"If there is one thing we have learned in the two decades of this epidemic, it is that in the world of AIDS, silence is death," U.N. Secretary-General Kofi Annan said, urging the media companies to broadcast more public service messages and educational shows and also to explore AIDS themes in their regular programming.
Annan organized the Global Media AIDS Initiative with help from Microsoft Chairman Bill Gates and Drew Altman, president and chief executive of the Henry J. Kaiser Family Foundation.
"You are joining into something where there is very much positive momentum, but we're not even doing half of what should be done," said Gates, whose Bill and Melinda Gates foundation has given extensive support to the search for an AIDS vaccine.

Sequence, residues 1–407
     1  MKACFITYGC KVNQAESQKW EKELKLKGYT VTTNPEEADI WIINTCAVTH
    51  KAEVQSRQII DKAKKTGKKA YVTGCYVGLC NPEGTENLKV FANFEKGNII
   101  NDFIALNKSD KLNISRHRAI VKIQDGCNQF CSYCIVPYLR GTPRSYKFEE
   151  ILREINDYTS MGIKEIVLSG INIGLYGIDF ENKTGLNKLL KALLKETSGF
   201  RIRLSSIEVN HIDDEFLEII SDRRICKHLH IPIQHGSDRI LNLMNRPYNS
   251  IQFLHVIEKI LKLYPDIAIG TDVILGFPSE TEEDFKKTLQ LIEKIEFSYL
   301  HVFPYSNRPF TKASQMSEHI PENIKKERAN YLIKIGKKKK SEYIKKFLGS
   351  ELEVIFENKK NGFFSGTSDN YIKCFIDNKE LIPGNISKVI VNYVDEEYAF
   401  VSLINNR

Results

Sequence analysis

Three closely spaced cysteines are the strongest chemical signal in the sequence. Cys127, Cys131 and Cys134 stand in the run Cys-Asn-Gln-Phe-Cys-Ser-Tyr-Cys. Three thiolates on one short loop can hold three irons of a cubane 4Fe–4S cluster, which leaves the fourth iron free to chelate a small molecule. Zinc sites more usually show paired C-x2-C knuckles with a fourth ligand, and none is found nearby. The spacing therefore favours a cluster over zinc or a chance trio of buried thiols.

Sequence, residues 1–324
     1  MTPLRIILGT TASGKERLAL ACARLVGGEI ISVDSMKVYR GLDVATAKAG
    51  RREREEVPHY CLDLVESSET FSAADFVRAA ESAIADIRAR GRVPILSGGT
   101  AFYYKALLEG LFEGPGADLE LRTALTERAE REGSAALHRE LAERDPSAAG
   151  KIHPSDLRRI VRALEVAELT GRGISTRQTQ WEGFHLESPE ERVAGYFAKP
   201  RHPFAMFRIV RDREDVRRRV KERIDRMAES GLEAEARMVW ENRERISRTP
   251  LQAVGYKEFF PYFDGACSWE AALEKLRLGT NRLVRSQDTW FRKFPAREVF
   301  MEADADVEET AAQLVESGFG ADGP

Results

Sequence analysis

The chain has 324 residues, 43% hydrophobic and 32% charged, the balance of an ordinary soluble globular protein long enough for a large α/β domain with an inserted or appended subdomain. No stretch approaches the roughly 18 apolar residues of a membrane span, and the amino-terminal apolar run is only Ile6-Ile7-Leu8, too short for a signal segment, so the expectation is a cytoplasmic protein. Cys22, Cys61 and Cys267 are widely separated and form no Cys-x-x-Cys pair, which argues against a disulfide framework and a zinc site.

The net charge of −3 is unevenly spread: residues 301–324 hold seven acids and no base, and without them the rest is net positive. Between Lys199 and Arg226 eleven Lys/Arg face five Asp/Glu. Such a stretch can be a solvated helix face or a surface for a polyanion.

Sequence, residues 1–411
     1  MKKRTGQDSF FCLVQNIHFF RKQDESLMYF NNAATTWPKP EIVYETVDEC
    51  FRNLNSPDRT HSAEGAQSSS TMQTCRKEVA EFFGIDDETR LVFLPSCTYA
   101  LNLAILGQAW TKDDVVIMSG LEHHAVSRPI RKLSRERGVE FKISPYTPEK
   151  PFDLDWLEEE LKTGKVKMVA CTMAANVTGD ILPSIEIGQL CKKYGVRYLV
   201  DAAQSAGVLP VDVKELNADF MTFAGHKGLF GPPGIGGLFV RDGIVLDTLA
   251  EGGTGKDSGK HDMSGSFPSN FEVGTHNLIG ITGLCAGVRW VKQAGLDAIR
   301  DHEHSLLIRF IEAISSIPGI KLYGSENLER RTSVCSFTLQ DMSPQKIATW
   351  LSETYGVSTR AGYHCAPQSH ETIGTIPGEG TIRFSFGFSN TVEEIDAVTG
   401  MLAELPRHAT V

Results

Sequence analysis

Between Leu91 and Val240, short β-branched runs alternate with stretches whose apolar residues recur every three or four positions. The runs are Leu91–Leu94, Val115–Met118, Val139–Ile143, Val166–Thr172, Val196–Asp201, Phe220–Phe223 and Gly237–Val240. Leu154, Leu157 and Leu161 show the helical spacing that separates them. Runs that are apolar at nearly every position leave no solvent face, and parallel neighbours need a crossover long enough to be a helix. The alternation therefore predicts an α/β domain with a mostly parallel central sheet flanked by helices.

"If there is one thing we have learned in the two decades of this epidemic, it is that in the world of AIDS, silence is death"
"The challenge for all of you is to think about how to raise visibility," he told the group.
After a three-hour round-table meeting, all 22 executives signed a declaration resolving "through our companies to expand public knowledge and understanding about HIV/AIDS." HIV is the virus that causes AIDS.
Among participating media companies were the BBC, Broadcasting Organizations of Nigeria, China Central TV, Russia's Gazprom-Media, Brazil's Globo International, NHK Japan Broadcasting Corp., Time Warner Inc., France's TV5, Lebanese Broadcasting Corp. International, South African Broadcasting Corp. and Spain's Radiotelevision Espanola.